(Seriously - this is not the time to debate the intricacies of N95 versus homemade masks that look like they used to be T-shirts. If that's the argument now, the point is missed.)


Don't Waste This Pandemic - Lead with Clarity In the Midst of Uncertainty

Years ago John Piper, prior to having surgery for his cancer, wrote a short message titled "Don't Waste Your Cancer." This is available online with the following description:

On the eve of his own cancer surgery, John Piper writes about cancer as an opportunity to glorify God. With pastoral sensitivity, compassion, and strength, Piper gently but firmly acknowledges that we can indeed waste our cancer when we don’t see how it is God’s good plan for us and a hope-filled path for making much of Jesus. (available at desiringgod.org here.

It's a worthy read, especially for those struggling with cancer or other health issues. 

The principle espoused by Piper is transferable to other areas of life where uncertainty lies ahead.

Recently, Andy Stanley, pastor of North Point Church in Alpharetta, Georgia was interviewed by Ed Stetzer and Daniel Yang on the Stetzer Leadership Podcast (listen here) about his decision to not restart in-person worship services at North Point until January 2021 at the earliest. Stanley's reasonings were clear and articulated well and whether others agree with Stanley on areas of organization, leadership, doctrine, or church polity, his explanation regarding their decision as a church continues to be discussed by many in pastoral leadership throughout the nation.

Don't Waste This Pandemic

Much like Piper's "Don't waste your cancer" statement, this one has been resonating since I heard Andy say this, "A pandemic is a terrible thing to waste."

When Andy said that, it was in the context of the church seeking God's lead in ministering well and leading well while serving those who are the church during these difficult and uncertain times. In other words, it would be tragic for pastors and leaders to simply sit on their hands awaiting the return of "normal" so that programming, ministry events, and all our go-to traditions of church gatherings could restart. He wasn't being condescending, and he knows that pastors simply aren't sitting at home waiting, but his point was clear. There is much to be done now.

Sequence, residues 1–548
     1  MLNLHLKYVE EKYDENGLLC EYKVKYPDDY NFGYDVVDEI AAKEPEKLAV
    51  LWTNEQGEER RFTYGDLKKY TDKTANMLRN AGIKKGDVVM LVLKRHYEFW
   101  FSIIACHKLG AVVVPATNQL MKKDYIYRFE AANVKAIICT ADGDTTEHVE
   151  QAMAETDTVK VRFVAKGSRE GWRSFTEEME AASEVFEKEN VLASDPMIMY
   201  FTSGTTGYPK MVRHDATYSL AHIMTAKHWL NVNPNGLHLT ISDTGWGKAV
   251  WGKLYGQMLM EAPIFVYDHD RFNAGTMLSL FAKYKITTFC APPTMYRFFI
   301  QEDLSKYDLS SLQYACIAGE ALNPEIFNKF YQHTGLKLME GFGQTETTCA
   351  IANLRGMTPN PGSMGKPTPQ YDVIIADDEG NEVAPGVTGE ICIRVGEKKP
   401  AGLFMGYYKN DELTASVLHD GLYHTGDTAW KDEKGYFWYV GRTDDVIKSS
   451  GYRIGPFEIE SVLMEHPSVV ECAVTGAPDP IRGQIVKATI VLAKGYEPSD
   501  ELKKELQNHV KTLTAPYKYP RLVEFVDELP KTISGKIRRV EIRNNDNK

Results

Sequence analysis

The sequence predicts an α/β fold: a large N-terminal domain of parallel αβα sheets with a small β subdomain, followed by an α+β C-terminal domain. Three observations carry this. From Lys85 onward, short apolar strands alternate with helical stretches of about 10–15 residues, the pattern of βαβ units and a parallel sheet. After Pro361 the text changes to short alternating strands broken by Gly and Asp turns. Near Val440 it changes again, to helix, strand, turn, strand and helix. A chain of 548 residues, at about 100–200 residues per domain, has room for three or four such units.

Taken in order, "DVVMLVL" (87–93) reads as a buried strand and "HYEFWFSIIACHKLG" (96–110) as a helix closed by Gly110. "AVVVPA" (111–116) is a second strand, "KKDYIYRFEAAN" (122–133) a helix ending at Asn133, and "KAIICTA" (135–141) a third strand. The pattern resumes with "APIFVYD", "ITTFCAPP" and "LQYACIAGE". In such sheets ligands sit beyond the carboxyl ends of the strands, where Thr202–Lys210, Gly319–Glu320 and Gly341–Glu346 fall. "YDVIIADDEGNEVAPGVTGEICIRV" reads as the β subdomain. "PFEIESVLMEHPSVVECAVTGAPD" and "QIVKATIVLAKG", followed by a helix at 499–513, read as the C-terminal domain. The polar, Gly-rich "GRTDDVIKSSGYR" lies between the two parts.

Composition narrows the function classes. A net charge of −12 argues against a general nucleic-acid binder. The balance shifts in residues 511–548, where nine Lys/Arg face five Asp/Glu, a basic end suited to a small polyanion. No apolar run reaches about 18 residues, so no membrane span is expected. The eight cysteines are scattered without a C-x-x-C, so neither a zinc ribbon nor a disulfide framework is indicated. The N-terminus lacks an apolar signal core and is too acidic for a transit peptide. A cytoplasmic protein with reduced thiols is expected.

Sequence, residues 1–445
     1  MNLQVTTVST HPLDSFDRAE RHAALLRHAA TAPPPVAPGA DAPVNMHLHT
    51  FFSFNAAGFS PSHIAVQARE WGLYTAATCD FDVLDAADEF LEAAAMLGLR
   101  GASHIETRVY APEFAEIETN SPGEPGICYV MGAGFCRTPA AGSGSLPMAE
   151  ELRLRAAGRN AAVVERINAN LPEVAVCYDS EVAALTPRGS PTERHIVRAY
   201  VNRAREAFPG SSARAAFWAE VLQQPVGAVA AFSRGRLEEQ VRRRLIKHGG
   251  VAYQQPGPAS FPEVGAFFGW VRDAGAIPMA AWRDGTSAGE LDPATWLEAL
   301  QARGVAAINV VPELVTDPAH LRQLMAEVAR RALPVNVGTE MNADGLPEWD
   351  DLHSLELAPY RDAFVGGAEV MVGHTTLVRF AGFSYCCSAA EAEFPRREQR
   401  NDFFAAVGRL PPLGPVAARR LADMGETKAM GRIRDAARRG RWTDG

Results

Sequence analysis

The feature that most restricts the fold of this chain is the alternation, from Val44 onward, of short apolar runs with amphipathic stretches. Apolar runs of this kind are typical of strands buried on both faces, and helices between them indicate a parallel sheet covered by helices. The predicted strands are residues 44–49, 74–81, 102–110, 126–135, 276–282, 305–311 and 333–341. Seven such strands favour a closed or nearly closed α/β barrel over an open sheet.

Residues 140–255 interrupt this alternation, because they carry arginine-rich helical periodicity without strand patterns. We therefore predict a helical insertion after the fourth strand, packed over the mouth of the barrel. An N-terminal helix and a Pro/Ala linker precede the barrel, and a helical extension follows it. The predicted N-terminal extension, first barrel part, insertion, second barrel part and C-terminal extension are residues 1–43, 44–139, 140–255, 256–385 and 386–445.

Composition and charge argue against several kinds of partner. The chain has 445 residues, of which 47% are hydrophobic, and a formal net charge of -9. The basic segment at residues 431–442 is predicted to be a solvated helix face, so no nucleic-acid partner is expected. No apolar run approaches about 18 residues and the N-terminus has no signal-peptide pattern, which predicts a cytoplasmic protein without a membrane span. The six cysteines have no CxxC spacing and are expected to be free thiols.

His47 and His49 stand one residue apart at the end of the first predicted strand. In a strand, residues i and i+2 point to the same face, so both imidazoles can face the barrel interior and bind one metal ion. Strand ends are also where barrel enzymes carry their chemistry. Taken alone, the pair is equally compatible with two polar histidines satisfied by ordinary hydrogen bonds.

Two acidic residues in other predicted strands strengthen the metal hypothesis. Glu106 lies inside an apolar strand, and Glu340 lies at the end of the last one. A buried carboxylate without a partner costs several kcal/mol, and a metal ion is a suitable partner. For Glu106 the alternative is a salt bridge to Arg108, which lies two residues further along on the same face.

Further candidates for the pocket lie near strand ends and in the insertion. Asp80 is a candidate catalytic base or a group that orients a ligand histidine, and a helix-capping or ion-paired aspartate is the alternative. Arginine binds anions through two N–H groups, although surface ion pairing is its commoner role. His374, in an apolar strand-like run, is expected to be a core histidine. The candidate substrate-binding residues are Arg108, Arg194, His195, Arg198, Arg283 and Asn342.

What if this is the new normal?

That's not a statement of gloom and doom. I am fully confident in God's sovereignty over circumstances and all that occurs. It's not a fear versus faith issue, but is a question of discipleship. At least that is my view.

I am no prophet, but even if we get a vaccine for COVID-19... and even if the majority of people take the vaccine... and even if it works, I believe we will continue to see people wearing masks in public. I believe parents will still be more cautious where they send or take their children than prior. I don't think it will be a never-ending shutdown, but the impact of all that we are facing this year will have long-term effects.

So, what about the church seeking to be faithful, serve well, make disciples, and live missionally?

There are varied responses from pastors and church members regarding this. Even if you ignore the asinine battles taking place between the pro-mask and the anti-mask Christians (BTW - our grandchildren will look back at our divide over masks and laugh the same way we look back at previous generations who split churches over the color of the carpet or the use of hymnbooks versus projecting lyrics on a screen) there are legitimate concerns from pastors seeking to shepherd well and lead biblically. Why? Because these are uncertain times.